A confident and enthusiastic Becky Burke was introduced as the 13th head coach in UB women’s basketball history at Alumni Arena Friday.
Dressed in a blue blazer, Burke proclaimed her vision for a women’s basketball program coming off its fourth NCAA Tournament appearance in the last six years.
She acknowledged the challenges of following in Felisha Legette-Jack’s footsteps, whom she thanked for turning UB into a “premier destination for players across the country,” but she also tried to distance herself from her predecessor.
“I think there’s a lot of ways to get to that ultimate goal [of winning a Mid-American Conference Championship],” Burke said, with UB logos lining the backdrop behind her. “I’m going to tell you that this is not going to be the same [as Legette-Jack]. It’s going to be very, very different. But at the end of the day, the ultimate goal is to win MAC Championships and to make sure that we sustain the level of success that’s been expected here.”
Burke compared her introduction ceremony Friday to the 2009 NCAA Women’s Basketball National Championship Game, when her coach at the time, Jeff Walz, told her team to stand at the edge of the tunnel and take 90 seconds to absorb the gravity of the moment.
She said the same thing happened to her as she was about to walk out of the Alumni Arena tunnel, into an adoring crowd of fans, community members, current players, dancers and marching band members.
Athletic Director Mark Alnutt said he understood during their first phone call that he shares the same vision as Burke. Just 12 hours after their initial conversation, he offered Burke the job.
“Being able to just hear through the phone: the energy, the passion, the plan, the vision for UB women’s basketball, [it all] impressed me,” Alnutt said.
Burke exuded confidence when talking about her vision, which she says centers around “sustaining that championship program with championship people who have championship habits.”
She says her ethos include being selfless on- and off-the-floor, serving others and being tough. “One word to describe Becky Burke and her teams is tough,” Burke said, referring to herself in the third person.
At one point during the press conference, Alnutt joked that Burke is so competitive, he was telling himself, “man, I’m trying to find a game that you and I can play that you’re not going to beat me in.” UB Athletics posted a video to social media earlier Friday showing Burke draining a three on the first try.
“[We wanted] someone that’s gonna roll up their sleeves, someone that embraces the mentality of this city,” Alnutt said. “[You] don’t need that Rolls Royce, you can have that Kia. Someone that is gonna roll up their sleeves and be that person that represents Buffalo.”
Burke says she and her staff — which she is in the process of assembling — is going to stress the importance of playing efficient, hard-nosed basketball — something she says will mirror the grittiness of the region her team represents.
Last season, Burke’s USC Upstate squad ranked No. 6 in the nation in field goal percentage, a mark of a disciplined and fundamentally-sound team.
“You’re going to watch a basketball team that is very, very organized, executes really, really well and is prepared,” Burke said. “So when you come watch us play, you’re going to understand we had a scouting report, we followed a game plan and they knew what they were doing out there.”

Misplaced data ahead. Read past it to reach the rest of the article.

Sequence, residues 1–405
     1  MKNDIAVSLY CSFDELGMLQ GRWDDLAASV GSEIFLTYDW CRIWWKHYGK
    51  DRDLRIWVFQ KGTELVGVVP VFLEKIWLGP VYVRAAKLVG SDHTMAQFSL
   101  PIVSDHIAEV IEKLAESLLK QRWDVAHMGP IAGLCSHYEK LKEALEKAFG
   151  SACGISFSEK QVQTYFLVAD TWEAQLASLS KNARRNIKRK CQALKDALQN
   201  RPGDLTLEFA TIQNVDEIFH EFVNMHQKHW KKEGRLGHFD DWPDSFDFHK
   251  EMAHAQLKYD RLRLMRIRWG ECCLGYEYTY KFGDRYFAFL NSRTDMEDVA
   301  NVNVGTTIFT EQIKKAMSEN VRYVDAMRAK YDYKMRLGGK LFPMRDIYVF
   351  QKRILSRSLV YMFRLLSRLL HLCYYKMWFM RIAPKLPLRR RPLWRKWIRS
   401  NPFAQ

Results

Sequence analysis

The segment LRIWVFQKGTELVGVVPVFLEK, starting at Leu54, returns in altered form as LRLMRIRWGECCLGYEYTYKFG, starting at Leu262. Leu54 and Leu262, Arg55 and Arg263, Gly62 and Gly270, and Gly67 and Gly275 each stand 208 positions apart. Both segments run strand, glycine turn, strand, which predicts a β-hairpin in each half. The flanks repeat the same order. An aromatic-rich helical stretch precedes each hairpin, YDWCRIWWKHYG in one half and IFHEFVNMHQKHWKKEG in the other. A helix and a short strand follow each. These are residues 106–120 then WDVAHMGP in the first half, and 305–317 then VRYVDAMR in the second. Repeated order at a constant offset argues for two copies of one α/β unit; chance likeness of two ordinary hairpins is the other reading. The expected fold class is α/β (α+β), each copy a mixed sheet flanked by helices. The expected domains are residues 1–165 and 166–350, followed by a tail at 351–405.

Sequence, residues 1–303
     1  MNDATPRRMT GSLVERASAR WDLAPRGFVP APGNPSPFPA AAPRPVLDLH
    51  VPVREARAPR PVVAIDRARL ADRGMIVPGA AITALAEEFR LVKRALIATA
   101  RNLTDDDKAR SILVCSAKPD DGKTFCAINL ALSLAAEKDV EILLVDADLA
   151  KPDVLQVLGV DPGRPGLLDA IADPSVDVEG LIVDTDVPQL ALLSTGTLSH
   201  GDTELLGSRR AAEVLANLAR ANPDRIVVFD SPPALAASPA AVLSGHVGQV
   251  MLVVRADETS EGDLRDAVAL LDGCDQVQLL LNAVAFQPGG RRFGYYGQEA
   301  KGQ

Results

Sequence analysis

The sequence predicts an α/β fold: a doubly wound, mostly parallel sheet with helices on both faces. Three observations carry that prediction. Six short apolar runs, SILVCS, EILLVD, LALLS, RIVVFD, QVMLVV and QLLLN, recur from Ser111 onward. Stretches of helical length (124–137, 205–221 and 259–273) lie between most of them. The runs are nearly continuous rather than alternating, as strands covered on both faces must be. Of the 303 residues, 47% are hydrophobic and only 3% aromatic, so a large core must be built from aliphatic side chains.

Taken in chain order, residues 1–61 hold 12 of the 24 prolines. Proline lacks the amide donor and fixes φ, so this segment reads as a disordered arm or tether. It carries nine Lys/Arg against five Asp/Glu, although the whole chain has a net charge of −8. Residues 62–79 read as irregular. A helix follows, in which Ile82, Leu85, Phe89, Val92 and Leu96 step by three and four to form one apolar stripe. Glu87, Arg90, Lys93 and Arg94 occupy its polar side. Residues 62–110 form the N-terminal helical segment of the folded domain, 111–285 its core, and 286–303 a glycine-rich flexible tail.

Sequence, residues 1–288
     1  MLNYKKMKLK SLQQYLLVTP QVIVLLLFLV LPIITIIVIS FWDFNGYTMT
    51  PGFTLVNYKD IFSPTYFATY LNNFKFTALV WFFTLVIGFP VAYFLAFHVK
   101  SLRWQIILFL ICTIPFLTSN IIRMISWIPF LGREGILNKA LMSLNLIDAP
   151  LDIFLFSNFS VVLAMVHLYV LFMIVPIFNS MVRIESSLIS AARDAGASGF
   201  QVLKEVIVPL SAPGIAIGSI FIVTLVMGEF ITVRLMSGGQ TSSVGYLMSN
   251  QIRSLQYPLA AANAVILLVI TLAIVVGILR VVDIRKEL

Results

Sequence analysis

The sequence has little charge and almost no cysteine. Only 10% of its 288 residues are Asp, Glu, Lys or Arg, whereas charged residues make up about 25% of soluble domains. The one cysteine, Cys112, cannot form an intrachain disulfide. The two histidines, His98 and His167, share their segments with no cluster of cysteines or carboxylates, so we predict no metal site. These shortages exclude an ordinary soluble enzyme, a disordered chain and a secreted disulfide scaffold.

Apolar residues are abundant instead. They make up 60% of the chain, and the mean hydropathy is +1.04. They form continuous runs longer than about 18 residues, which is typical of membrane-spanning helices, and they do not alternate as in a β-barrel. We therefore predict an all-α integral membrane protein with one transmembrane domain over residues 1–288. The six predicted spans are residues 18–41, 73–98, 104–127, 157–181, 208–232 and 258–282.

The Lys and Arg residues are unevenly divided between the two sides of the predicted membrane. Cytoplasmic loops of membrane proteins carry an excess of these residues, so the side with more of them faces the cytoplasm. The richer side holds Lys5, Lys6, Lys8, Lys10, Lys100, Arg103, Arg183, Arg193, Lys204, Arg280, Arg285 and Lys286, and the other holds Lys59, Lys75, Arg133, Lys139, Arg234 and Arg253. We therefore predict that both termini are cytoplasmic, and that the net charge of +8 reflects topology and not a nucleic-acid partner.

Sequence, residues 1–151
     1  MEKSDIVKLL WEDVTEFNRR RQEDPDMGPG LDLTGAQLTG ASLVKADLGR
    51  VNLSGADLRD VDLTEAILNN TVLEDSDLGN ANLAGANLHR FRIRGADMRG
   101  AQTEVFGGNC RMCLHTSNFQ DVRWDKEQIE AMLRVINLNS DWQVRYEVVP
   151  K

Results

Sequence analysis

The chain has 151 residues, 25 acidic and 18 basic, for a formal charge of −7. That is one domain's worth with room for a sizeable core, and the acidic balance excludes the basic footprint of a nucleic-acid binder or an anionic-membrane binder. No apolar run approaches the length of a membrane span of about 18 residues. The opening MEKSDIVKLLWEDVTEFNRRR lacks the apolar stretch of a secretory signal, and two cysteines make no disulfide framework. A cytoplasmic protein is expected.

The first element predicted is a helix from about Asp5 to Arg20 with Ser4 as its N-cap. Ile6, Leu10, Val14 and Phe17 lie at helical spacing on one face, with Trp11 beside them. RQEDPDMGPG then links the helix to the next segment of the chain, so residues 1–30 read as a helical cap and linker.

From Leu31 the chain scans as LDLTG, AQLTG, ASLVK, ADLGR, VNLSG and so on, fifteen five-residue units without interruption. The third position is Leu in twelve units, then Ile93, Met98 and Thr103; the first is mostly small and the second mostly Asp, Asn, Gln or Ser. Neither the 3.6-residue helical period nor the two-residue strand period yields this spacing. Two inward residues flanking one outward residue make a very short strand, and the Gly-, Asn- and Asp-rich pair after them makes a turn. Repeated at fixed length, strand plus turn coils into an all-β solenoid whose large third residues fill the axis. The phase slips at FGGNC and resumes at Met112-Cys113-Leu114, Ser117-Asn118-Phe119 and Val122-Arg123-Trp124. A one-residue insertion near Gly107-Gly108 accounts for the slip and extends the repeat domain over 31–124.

Before delving into her vision, Burke choked up while thanking her parents for everything they have done for her. “I want to make you proud standing up here as your daughter,” Burke said, her voice quavering.
Burke, a basketball lifer, says she started playing basketball with her father as a little girl in Scranton, PA. She turned those backyard sessions into a four-year playing career at Louisville, an assistant coaching position at Saint Joseph’s College and head coaching gigs at Embry Riddle Aeronautical University — where she was responsible for launching the program — the University of Charleston and USC Upstate.
She says the chance to come back to the region where everything began for her was too much to pass up on.
“I’m just a small-town kid from Scranton, PA, right down the road,” Burke said. “This will be the closest I’ve ever been to home. I’m very familiar with this region, I’m very familiar with the area from a recruiting standpoint.”
Last night, as she was boarding a plane to Buffalo, Burke says she introduced about 10 passengers to the UB women’s basketball program and made a number of “new fans.” She says she looks to keep that same energy going in the Queen City.
“I’m here because of the way that I felt at that airport gate last night,” Burke said. “I’m here because of the way I felt when Mark called me initially and because of the way I felt two hours [ago] this morning walking around this facility. This is a very, very special place. It’s proven to be that, and I’m just looking forward to making sure it stays that way.”
Anthony DeCicco is the senior sports editor and can be reached at email@example.com
Justin Weiss is the managing editor and can be reached at firstname.lastname@example.org
Justin Weiss is The Spectrum's managing editor. In his free time, he can be found hiking, playing baseball or throwing things at his TV when his sports teams aren't winning. His words have appeared in Elite Sports New York and the Long Island Herald. He can be found on Twitter @Jwmlb1.
Anthony DeCicco is the senior sports editor at The Spectrum. In his free time, he can be found playing video games, watching ‘90s Knicks games and arguing with people on NBA Twitter at 3 a.m.